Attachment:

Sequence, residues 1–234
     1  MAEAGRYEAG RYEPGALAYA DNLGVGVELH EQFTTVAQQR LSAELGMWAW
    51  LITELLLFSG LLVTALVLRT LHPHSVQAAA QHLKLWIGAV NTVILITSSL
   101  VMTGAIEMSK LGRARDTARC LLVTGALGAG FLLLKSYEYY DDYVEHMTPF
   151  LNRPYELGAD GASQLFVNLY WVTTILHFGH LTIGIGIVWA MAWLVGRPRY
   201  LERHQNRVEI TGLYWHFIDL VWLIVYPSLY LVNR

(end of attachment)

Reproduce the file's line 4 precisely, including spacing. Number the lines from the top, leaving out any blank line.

   101  VMTGAIEMSK LGRARDTARC LLVTGALGAG FLLLKSYEYY DDYVEHMTPF